Written by CMI Founder/CEO Bruce Blythe, it's a fascinating, easy-to-read guide that draws on Blythe's 20+ years of experience as a pioneer in crisis management.
News and articles
Catalyst Summit: Risk
from January 2003 issue of Catalyst
Predictions for the future of terrorism, growing expectations among American workers since 9/11, and practical guidelines for preparing your business and your family in the event of a disaster were the core topics presented by Bruce Blythe, founder and CEO of Crisis Management International (CMI), at the latest Catalyst Summit on risk.
Risk implies the potential for danger and consequence, and Blythe
is not stranger to either.
has trekked deep into the jungle of Ecuador to save kidnapping victims and hostages.
After Hurricane Andrew, Blythe's
firm provided relief to 28 companies, simultaneously.
assisted after the bombing of the Murrah Federal Building in Oklahoma City, helped businesses recover from the 1993 World Trade Center bombing and following the 9/11 attacks, he
firm assisted more than 200 companies and government entities.
Blythe also has served as an expert source for numerous news outlets including CNN, CBS, NBC, The Wall Street Journal, Newsweek, Business Week, Fast Company, Smart Money, and USA Today, and he is the author of Blindsided: A Manager's Guide to Catastrophic Incidents in the Workplace.
"While disaster can come from many places, [terrorism] seems foremost on people's minds," said Blythe
When a disaster hits, it affects the core assets of any organization.
First and foremost, that can mean people, he
"[Disaster] can also affect your reputation.
It can affect your business operation.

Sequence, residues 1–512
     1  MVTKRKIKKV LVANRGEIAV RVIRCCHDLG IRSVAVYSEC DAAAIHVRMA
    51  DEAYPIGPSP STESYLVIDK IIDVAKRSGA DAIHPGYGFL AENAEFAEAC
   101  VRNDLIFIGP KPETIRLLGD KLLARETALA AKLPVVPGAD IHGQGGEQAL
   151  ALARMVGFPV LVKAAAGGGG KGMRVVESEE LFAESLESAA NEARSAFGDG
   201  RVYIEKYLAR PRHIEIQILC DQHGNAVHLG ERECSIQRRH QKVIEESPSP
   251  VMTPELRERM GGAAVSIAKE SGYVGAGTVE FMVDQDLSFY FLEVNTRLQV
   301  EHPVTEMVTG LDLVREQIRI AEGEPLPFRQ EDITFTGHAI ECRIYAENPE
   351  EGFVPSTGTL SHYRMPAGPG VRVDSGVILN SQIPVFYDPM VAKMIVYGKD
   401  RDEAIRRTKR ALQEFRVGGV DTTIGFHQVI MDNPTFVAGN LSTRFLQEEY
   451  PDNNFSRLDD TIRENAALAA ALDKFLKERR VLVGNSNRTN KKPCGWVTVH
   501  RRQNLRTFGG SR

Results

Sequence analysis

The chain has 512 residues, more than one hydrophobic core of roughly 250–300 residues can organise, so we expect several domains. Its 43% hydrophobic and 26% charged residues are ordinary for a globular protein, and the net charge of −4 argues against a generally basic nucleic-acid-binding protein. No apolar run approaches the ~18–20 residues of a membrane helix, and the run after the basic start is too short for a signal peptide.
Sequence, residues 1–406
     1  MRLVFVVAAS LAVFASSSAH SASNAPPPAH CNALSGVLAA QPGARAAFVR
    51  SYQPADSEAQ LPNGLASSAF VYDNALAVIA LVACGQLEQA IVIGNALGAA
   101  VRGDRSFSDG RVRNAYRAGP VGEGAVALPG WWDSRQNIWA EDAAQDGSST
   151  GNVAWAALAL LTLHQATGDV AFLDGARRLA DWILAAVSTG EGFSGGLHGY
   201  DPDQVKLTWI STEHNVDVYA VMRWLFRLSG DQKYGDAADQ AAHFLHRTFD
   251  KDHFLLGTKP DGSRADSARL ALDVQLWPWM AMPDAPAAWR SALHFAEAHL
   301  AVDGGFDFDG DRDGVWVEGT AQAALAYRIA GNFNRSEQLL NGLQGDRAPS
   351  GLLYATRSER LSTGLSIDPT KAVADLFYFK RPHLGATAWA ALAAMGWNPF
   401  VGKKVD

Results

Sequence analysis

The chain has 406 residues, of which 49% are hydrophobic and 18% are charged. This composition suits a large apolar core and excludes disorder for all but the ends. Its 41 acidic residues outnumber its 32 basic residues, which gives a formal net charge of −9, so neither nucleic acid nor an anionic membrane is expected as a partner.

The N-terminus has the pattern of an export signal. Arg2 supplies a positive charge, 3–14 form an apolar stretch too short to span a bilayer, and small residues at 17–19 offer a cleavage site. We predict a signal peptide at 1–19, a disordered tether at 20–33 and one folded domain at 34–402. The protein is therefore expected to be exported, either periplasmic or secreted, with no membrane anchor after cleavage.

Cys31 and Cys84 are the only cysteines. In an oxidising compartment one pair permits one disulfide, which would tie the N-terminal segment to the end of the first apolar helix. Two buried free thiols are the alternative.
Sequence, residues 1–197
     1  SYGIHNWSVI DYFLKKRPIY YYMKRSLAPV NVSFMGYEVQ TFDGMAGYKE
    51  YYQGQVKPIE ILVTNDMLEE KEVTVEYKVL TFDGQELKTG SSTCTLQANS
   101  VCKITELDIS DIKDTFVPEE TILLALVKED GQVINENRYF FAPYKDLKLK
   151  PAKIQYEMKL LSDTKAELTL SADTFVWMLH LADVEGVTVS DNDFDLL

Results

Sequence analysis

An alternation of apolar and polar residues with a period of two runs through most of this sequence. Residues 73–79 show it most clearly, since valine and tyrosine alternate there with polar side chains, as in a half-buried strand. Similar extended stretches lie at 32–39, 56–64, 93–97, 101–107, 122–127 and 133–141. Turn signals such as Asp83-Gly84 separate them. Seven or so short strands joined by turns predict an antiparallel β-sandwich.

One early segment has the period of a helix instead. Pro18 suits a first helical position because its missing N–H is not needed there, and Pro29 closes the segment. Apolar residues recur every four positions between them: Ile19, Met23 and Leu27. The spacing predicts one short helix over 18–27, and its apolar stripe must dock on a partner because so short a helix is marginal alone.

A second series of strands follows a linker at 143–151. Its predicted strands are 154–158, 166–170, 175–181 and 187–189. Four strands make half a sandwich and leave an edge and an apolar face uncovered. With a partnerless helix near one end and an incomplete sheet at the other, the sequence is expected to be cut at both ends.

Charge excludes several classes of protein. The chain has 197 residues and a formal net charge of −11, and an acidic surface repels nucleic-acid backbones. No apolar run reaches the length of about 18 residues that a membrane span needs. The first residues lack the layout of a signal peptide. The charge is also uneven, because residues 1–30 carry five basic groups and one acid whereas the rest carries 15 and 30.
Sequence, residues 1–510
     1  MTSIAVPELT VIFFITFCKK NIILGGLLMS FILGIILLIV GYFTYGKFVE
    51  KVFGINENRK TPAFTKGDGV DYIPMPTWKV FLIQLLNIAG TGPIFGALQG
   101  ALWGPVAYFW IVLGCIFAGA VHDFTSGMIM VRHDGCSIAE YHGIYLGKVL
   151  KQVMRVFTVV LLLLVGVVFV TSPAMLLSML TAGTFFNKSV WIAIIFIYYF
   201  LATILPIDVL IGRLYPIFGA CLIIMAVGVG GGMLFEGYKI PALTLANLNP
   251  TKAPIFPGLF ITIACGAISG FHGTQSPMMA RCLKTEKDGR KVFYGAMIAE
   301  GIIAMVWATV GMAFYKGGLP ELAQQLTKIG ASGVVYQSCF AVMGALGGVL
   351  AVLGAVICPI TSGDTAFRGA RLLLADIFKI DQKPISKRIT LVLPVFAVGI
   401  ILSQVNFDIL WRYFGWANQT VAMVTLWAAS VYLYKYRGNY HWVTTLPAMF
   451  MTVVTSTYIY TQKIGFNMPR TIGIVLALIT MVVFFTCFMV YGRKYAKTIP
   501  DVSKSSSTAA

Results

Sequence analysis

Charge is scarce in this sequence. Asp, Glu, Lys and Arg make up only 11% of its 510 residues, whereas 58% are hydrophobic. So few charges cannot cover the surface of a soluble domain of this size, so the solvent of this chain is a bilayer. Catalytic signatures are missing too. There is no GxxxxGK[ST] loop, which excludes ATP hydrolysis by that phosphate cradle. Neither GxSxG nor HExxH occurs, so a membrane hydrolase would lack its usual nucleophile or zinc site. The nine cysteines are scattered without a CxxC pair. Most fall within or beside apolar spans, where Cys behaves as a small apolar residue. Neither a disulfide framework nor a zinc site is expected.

It can affect your facility, and financially it's a hit."
According to Blythe
, 2002 was a year of preparedness.
"I'm aware of at least one national law firm that is now in the process of putting together a literal opinion about what companies should be doing to be prepared," he
"The new legal term I've come across if 'the negligent failure to plan.' That is, companies that are not taking the time to really take a look at their obligations to be prepared for crises and disasters may very well be found negligent."
Expectations among American workers of employers' preparedness increased dramatically in 2002, according to Blythe
"There is a strong, unspoken expectation out there," explained Blythe
"Most crises don't come out of the blue," suggested Blythe
"They may seem like it at the time, but most are predictable.
Risk is something people choose to disassociate from, however, we must "purposely open our minds" and ask, "What would I do, if?
"Take a look at your foreseeable risks, form the probable to the severe," he
said, adding that composing a plan, as well as a contingency plan, is key to surviving a crisis.